In case you’re still saving up for a good self-levelling device, you can settle for the meantime with a mobile levelling application. There are several free apps to choose from. Naturally, choose the one with the best reviews and customer ratings. But here’s how to use them:
- Acquire levelling ramps, blocks or a manual jack first.
- Download the app from the Apple Store or on Google Play on your mobile phone.
- Fill up the vehicle details required by the app. For instance, vehicle weight, tyre details, and others.
- Place your mobile phone on a level surface inside your motorhome (say, on a table).
- Your app will show you how much you should ramp up on each wheel.
- Place your ramps per the requirements shown by the app. Some ramps are graduated, so those types are a bit more helpful in general.
- Drive up to the ramps and check in the app if your motorhome is now level. If not, readjust your ramps and re-check until you get it right.
Now there are paid mobile levelling apps that come with customised ramps or blocks. This will make things a bit easier for you since the adjustments to be requested by the app will now be more aligned with the graduations of the custom ramp or block.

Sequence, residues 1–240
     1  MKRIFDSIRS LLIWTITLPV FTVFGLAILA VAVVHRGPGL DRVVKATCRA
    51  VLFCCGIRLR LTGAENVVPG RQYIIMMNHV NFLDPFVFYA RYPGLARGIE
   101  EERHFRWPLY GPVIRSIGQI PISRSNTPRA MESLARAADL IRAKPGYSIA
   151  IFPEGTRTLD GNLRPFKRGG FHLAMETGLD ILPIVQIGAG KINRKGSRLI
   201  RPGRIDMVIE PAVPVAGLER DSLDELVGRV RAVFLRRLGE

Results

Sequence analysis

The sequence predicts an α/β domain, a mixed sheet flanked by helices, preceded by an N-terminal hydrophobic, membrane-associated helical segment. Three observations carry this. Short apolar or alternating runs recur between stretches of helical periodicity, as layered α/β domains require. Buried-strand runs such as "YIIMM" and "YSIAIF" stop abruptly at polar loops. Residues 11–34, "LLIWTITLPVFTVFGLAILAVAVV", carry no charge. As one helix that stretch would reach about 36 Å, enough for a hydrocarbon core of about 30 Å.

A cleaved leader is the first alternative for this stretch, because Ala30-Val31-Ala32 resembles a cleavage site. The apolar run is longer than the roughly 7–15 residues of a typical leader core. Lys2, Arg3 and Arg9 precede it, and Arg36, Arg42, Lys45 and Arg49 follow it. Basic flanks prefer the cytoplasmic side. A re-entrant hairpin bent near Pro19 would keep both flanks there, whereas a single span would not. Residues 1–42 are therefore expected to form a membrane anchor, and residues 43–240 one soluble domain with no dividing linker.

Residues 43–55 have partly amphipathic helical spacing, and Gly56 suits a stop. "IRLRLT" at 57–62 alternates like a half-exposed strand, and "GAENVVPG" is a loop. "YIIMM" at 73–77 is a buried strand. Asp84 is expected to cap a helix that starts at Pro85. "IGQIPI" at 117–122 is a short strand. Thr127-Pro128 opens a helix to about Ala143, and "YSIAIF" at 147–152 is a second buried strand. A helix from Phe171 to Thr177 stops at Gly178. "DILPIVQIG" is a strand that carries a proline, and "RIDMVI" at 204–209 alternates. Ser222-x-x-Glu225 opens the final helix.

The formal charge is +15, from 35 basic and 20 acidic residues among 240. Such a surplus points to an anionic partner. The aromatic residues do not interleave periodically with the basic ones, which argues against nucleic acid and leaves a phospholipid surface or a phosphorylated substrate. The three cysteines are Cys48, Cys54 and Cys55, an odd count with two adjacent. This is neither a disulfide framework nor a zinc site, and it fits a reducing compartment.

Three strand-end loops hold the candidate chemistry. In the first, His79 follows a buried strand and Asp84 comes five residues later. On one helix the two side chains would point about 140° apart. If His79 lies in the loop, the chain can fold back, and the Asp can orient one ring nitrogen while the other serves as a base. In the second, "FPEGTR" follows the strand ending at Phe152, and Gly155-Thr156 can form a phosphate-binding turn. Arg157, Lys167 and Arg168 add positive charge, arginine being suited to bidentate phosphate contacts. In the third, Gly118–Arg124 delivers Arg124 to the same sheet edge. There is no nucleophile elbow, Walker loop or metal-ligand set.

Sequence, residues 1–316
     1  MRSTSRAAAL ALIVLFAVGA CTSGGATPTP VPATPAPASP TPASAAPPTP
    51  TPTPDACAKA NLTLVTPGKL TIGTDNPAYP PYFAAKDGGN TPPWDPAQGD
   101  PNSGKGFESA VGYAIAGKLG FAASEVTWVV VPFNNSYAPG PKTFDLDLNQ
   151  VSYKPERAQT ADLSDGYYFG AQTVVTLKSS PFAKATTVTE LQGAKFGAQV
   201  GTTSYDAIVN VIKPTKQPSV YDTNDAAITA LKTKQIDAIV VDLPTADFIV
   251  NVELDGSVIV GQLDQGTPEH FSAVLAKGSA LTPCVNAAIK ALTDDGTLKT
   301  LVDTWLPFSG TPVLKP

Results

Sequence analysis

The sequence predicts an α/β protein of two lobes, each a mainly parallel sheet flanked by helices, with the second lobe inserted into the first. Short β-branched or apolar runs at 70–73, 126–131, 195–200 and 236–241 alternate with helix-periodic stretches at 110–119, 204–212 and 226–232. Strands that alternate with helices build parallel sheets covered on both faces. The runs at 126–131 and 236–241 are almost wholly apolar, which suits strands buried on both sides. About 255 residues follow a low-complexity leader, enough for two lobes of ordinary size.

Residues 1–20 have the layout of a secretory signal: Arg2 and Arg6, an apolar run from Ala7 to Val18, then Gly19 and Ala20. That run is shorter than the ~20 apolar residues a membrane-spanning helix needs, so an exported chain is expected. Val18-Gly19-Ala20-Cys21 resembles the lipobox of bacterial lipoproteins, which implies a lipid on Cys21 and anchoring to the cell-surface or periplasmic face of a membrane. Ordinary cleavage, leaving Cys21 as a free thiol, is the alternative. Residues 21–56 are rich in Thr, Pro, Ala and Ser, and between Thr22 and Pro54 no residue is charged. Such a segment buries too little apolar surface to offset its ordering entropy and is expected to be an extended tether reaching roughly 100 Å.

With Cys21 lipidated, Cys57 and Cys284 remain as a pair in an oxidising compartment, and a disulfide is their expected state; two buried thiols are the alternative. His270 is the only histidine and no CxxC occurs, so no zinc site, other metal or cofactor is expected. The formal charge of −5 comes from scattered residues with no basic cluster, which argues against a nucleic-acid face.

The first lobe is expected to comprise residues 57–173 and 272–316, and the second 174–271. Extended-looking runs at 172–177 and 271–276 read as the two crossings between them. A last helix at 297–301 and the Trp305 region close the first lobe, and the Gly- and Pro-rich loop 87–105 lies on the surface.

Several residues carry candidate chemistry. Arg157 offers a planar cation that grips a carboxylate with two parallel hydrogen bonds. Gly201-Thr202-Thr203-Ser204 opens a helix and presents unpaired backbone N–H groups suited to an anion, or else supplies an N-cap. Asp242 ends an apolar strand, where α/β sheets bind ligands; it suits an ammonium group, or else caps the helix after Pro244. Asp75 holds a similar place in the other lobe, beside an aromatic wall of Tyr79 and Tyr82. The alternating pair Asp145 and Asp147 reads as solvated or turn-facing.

Come on, would you still want to go down this path? But let’s say you aren’t that technically savvy to handle option 2, or you just naturally prefer the manual way of doing things.
What you will need here is a spirit level (see image below), a manual jack or 4 levelling ramps or blocks, powerful eyesight, and a lot of patience.
The steps are pretty much the same as those for the mobile app. The only difference is that instead of using an app, you will be using a spirit level.
Okay, so how do we know if the spirit level shows a perfectly balanced motorhome? That is if the air bubble is perfectly centred between the two vertical marks. Simple, right? But I’m telling you it’s not that easy. That is why I’ve warned you earlier that you’ll need a long string of patience for this levelling method.
Anyhow, if you’re a newbie RVer, I advise that you start learning using a free mobile app in option 2 above. That way, you will master the art of estimation quicker.
Alright, so that wraps up our ‘how’. That is unless you want to go further down the manual road of using stones as levelling blocks! As rustic as it may seem to be (which grey nomads might think as “cool”), I personally wouldn’t recommend that. Be concerned enough for your safety.
After all, that’s said in this blog post, I trust that somehow you have learned some pointers and tips on levelling motorhomes. Again, it all boils down to the saying “safety first”. RVers need to learn how to properly level their RVs both for safety and convenience. As to “how to level a motorhome”, you may use a:
- A self-levelling system that comes with automated jacks, or
- A mobile levelling app (free or paid) which may come with their own levelling ramps, blocks or even sensor, or
- A spirit level accompanied with separately bought manual jack, levelling ramps, or levelling blocks